Former U.S. President Donald Trump during a campaign event in Portsmouth, New Hampshire, U.S., on Wednesday, Jan. 17, 2024. (Adam Glanzman/Bloomberg via Getty Images)

(WASHINGTON) — Former President Donald Trump’s convincing victory in Monday’s Iowa caucuses shows his continued strength among Republicans, and a new ABC News/Ipsos poll finds once more that Trump is both viewed nationwide as the candidate whom Republicans and Republican-leaning independents would be most satisfied with as their 2024 nominee as well as the highest-rated contender across a range of other attributes.

Three out of four Republican-leaning adults say they would be very or somewhat satisfied with Trump as the GOP’s presidential nominee, compared to 64% who say the same about Florida Gov. Ron DeSantis and 50% for former U.N. Ambassador Nikki Haley, Trump’s two remaining rivals in the nominating race.

Trump’s advantage tracks closely with the findings about Republicans who were interviewed as part of a more extensive ABC News poll conducted the week before the Iowa caucuses.

And much like Iowa entrance polls that indicated Trump was able to dominate among evangelical or born-again Christian voters in the state on Monday, he maintains a sizable advantage in that group’s assessments nationally as well. According to the new ABC News/Ipsos poll conducted using Ipsos’ KnowledgePanel, 74% of evangelicals or born-again Christians are somewhat or very satisfied with Trump. He has a stronger rating on this question than both Haley and DeSantis among this group.

Trump swept the Iowa caucuses on Monday, defeating the other candidates by historic margins and winning 51% of the vote: the first decisive win of the presidential primary season that establishes a high-stakes benchmark just days before the New Hampshire primary, which takes place on Tuesday and where Haley is hoping to eat into Trump’s margin of victory in order to fuel her own campaign.

DeSantis came in second in Iowa with 21% and Haley was in third place with 19%.

Despite DeSantis’ and Haley’s insistence that their showings in Iowa prove there is appetite among the GOP for a candidate whose name is not Trump — because 49% of caucusgoers voted for someone other than him — and that either of them would be stronger in one-on-one matchups against President Joe Biden, the ABC News/Ipsos poll finds that 80% of Republican-aligned adults view Trump as the candidate with the best chance of getting elected in November. One in 10 say Haley has the best chance, while 9% say the same of DeSantis.

Trump also has a wide lead in this poll over DeSantis and Haley on a range of other attributes. Republicans and GOP leaners see him as the top-choice candidate who best represents their personal values, is the strongest leader, best understands the problems of people like them and is best qualified to serve as president.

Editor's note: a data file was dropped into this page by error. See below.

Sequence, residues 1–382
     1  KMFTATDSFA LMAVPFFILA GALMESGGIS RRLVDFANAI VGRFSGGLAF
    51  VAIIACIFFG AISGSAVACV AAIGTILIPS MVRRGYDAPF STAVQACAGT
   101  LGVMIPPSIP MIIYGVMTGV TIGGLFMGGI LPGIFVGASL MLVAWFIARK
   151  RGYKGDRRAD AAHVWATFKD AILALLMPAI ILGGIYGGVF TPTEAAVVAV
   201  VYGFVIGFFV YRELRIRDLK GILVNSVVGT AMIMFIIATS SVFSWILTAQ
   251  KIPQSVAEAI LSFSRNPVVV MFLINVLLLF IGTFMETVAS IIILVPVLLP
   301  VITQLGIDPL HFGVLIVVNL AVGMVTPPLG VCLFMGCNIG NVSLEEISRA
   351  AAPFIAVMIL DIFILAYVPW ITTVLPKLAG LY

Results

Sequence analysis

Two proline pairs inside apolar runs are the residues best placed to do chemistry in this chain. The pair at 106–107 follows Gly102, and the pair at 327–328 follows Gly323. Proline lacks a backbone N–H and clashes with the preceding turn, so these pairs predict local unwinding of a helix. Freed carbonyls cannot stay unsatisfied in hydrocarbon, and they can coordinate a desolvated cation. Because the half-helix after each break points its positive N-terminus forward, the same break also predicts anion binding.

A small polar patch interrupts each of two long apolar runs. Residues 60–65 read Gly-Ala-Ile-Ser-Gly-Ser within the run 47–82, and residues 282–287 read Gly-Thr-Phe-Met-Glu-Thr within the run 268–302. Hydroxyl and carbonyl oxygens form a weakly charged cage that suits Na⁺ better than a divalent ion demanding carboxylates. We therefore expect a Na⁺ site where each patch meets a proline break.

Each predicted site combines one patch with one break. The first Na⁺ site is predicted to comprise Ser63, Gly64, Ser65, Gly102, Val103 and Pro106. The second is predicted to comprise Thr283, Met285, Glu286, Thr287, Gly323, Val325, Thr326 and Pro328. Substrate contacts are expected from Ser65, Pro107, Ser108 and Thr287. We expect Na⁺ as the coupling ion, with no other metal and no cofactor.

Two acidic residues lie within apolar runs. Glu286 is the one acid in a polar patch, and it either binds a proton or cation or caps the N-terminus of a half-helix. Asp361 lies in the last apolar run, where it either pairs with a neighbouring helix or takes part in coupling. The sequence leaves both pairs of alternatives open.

Trump’s advantage over DeSantis and Haley on these traits is similar to the ABC News/Ipsos poll conducted just prior to the Iowa caucuses, with one exception: The perception that Trump is the candidate with the best chance of getting elected in November has strengthened since his win in Iowa.

Trump also maintains a higher favorability rating than his opponents. In the new poll, 72% have a favorable impression of him, compared to 63% for DeSantis and 49% for Haley. These numbers are similar to right before the caucuses.

The former president is largely considered the front-runner in New Hampshire’s fast approaching contest, but Haley has cut into his lead considerably since the fall. According to 538’s polling average, she currently trails Trump in the state by about 13 points, 45.6-33.1%. That is in stark contrast to early November, when Trump dominated the field, leading by about 30 points.

Part of Haley’s boost came after well-received debate performances and after a key local endorsement — in December, New Hampshire Gov. Chris Sununu opted to support her over his friend, former New Jersey Gov. Chris Christie. And her team has placed a big bet that independent voters in the state will rally on her behalf.

The importance of New Hampshire is reflected strongly in her campaign’s finances, with more than $26 million spent inundating the state with ads between her official campaign organization and her allied super PAC.

She’s also had an aggressive ground game, with 35 days recorded on the ground in the state and more than 50 events with voters, according to an ABC News analysis of events since February.

Even still, in his speech to Iowans on Monday evening, Trump made it clear he believes that GOP voters’ devotion in New Hampshire is strong enough to maintain his lead.

“So it’s now off to New Hampshire, a great place … they’re embarrassed by what’s going on. Our country is laughed at all over the world and laughing at us,” he said. “And they want our country to come back.”

METHODOLOGY – This ABC News/Ipsos poll was conducted using the probability-based Ipsos KnowledgePanel® January 16-17, 2024, in English and Spanish, among a random national sample of 1,480 Republicans and Republican-leaning independents, with an oversample of born-again Christians weighted to their correct proportion in the population. Results have a margin of sampling error of 2.8 points, including the design effect, for the full sample. Sampling error is not the only source of differences in polls. See the poll’s topline results and details on the methodology here.

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